This site is the starting point for the #ExtremeSafety campaign.

We are committed to bringing about European-wide regulation for bungee-jumping and other extreme sport activity to drive out unqualified and dangerous operators.


Be Atwell’s beloved daughter, Kleyo de Abreu, died tragically in an accident a year ago and since then more young people have been injured or lost their lives.


Read a letter below, from Kleyo’s father about his mission to improve Extreme Safety regulation.


There are a variety of safety standards for extreme sports around the world but not one standard, law or EU legislation that provides a clear confidence benchmark to protect holiday-makers and adventure-seekers.  The British Elastic Rope Sports Association (BERSA) has devised a code, in consultation with the UK’s Health & Safety Executive to protect bungee jumpers.  However, the three principles (Informed Participation, Redundancy, Competence) don’t go far enough and only require the operator to self-regulate their activity.


The risks are high for travelers who are keen to try out bungee jumping and other extreme sport activities.  With little advice online about safety, limited awareness of the track-record or quality standard of any extreme sport operator, those who sign an insurance waiver form to remove responsibility from the operator, are putting their lives at risk.


A survey by Mintel showed that 16% of people under 30 had considered trying an extreme sport activity whilst away on holiday.  And with bungee being a popular activity for many of the 93,000 UK students that take a gap year before university this year, there is an urgent need to regulate this life-threatening industry.


We are asking for a European-wide legislation that regulates extreme sports activities. We don’t want another family to go through the heartbreak of losing a child, help us reach our target of 100,000 and sign this petition so we can have this debated in Parliament.

A message from Be Atwell, father of Kleyo


Thank you for visiting this site.


This site should be a place to take a moment to reflect on how precious and fragile life really is, and to be aware that the most sacred things to us – our family and friends – can, in a moment, be taken from us with a gruesome finality, leaving all in a state unfamiliar, unyielding, and unnecessary.


My wonderful daughter Kleyo’s life came to a tragic and avoidable end in July last year 2015. She was 23 years old. Full of joy, beauty, and purpose. All the things that bring joy to a father’s soul. She had her plans, her ideas, and her dreams. I’m left with a gulf in my life, and an unimaginable form of frustration that no soul should have to go through. This has impacted everyone she has ever met, those she loved, and those that still love her.


I know I will never get beyond this, but in time, I will become stronger with God’s help. My sole intention is to ensure that this most painful and harrowing situation does not befall another innocent, another parent, another family.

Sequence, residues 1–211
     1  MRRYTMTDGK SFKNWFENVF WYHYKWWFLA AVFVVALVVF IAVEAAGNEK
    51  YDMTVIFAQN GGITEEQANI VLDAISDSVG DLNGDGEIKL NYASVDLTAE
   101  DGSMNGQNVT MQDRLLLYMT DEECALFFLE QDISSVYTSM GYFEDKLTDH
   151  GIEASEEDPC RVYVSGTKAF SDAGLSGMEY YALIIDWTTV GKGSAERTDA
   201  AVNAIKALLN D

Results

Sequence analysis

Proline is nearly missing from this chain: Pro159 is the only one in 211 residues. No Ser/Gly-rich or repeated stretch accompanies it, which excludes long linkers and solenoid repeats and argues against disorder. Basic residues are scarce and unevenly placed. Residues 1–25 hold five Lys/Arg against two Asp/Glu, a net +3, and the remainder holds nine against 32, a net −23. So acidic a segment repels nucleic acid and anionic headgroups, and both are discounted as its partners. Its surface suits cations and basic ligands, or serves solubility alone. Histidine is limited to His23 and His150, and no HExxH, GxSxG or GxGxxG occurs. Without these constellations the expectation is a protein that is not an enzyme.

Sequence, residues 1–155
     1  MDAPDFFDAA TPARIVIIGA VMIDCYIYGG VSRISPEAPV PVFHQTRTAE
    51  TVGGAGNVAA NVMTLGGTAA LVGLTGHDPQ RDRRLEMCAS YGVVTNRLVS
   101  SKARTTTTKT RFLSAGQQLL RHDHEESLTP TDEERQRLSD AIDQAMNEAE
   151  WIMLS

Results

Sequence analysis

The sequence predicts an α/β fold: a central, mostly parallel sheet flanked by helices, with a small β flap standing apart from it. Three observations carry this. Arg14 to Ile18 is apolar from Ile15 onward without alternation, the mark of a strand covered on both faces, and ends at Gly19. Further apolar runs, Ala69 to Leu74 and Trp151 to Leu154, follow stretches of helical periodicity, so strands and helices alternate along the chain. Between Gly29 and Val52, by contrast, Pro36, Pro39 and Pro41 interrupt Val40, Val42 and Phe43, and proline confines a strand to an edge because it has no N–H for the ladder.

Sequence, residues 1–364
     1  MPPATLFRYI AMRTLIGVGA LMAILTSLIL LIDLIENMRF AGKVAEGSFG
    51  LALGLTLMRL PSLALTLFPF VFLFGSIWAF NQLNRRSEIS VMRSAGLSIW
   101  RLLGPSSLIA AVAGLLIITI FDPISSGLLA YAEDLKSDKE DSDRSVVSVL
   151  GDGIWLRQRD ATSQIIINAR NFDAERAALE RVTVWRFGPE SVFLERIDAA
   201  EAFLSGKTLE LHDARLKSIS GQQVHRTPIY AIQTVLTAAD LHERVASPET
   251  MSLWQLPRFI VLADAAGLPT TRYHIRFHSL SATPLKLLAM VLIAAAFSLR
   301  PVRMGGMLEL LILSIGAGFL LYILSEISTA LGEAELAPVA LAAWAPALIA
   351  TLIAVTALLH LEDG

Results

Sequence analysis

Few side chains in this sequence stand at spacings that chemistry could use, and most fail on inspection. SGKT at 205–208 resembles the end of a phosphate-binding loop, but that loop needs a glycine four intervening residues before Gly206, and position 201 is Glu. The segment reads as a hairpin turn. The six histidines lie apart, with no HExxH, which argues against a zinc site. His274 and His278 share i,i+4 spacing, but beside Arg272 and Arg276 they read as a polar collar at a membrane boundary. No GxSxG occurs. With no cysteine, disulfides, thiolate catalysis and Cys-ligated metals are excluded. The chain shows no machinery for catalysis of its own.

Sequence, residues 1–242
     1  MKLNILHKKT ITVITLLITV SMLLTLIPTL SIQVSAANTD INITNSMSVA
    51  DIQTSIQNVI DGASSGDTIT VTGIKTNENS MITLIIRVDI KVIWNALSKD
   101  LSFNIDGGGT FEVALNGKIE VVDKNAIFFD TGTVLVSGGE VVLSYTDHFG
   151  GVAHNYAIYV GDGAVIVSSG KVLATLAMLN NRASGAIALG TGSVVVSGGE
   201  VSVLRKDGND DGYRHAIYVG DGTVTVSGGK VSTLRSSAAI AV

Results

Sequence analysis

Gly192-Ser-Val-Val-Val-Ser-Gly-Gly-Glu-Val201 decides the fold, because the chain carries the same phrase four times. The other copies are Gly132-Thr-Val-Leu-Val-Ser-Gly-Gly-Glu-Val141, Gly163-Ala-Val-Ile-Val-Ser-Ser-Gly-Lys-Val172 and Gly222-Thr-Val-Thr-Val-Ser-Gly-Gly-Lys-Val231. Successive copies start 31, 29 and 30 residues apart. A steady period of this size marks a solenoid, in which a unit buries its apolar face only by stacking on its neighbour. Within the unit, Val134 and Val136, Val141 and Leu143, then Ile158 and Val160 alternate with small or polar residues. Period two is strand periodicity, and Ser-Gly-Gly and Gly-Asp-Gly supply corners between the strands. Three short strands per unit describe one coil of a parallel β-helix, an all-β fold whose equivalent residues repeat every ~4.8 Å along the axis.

It’s all I have. It’s all anyone ever has. I now have a single mission


The name of the activity which killed my daughter is ‘extreme sports’. I believe that this should also be accompanied with ‘extreme skills’. Extreme sports companies, take on an often completely unqualified member of the public, and let them take their life into their own hands for the benefit of an adrenaline rush. In many locations across Europe, staff at these sites have little or no ‘extreme skills’. The staff are simply not qualified to take into their hands, the lives of those enthusiasts, for financial benefit.


Let me put this into context. If you want to carry a passenger in a car, for example, you are a taxi driver, you have to have checked eyesight, you need to have an MOT, you need a qualified license. You are effectively taking someone’s life in your hands.


The extreme sports market is not a consistently regulated as taxi driving across Europe. Are we not Europeans? Do we not have regulatory bodies whose duty it is to protect those that they financially benefit from? Tourism is a huge market. We appear to be able to regulate the airlines, the transport, so why is the destination activity market so under-regulated?


Unregulated businesses can make a huge amount of money out of the extreme sports market, so perhaps they feel they can afford to take the chance with safety, and sadly, other people’s lives.


Please help me to support a pan-European legislation act that will help to enable all those fun seekers to have a safe adventure. I need your help to tackle unregulated and unskilled operators in this burgeoning market.


It is true in life that accidents happen, but many accidents could be prevented. Many of these accidents don’t have to happen, again.


Within a month of losing Kleyo, a Dutch girl was fatally injured in a similar way.


Please use our petition to drive our MEP’s to regulate the extreme sports market in Europe, and perhaps we can all prevent this happening in the future.


Bless you,


Bernard Atwell

London, 2016